• Limelight restrictions: quiet tendencies; softly spoken, but comfortable to work with others or alone in quiet or without focus on them (e.g. rely on confident people to share ideas for them and will go along with what is happening in a group)

  • Verbal restrictions: quiet tendencies; gently spoken, comfortable answering briefly, but hesitant about speaking on behalf of others and to share their own ideas in formal settings e.g. presentations, answering in class, being a leader and having to consistently communicate back and forth with their group

  • Physical restrictions: quiet tendencies; gently spoken, comfortable doing sit down activities and conversing, however feels anxiety and pressure to apply energy into physical tasks such as bigger dance movements, yelling in scenes, being first to bat in sports or be captain of a sports team


BE CAREFUL OF THE QUIET ONES IN THE ROOM, THEY’LL ALWAYS SHOCK YOU!


With these shy restrictions, they also have levels of complexities within the restrictions. There is also underlying other fears and instincts that come into play as well, such as being intimidated by others, bullying, competitive elements, trust issues or more fostered relationships have occurred beyond the usual dynamics (best friend is in their class, their teacher is also their coach or a family friend, older siblings former teacher etc.). Furthermore, sometimes someone may struggle to respond and speak to others in one situation but in another setting they do it in a really confident manner e.g. comfortable being a team captain, not comfortable being the lead speaker in a group presentation. This is the student learning to work on their communicative skills and have recognised they succeed in this area already, and to me, these are all small triumphs and a process that moves forward in an authentic way that works for the student. This is why it is also equally important not to categorise students when making Educational judgments and assessments, as each student is authentic in their own way. But it is really good to notice in each student where the restriction is and make note where to apply the emphasis to support their needs.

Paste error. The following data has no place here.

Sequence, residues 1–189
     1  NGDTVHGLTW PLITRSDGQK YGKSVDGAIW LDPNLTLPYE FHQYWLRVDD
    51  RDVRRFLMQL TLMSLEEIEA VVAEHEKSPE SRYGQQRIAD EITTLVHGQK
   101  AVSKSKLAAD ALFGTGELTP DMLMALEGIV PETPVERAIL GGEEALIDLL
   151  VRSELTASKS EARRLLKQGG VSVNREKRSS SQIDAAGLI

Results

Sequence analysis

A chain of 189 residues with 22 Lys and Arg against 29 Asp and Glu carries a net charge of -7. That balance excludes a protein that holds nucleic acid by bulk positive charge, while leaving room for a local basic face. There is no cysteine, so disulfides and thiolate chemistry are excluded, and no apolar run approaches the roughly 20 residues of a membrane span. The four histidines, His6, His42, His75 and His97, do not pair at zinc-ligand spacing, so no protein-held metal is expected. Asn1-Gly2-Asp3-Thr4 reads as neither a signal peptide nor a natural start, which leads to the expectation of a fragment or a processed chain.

I believe Confidence building within shy restrictions is a process and each individual has their own complexities within their confidence building process.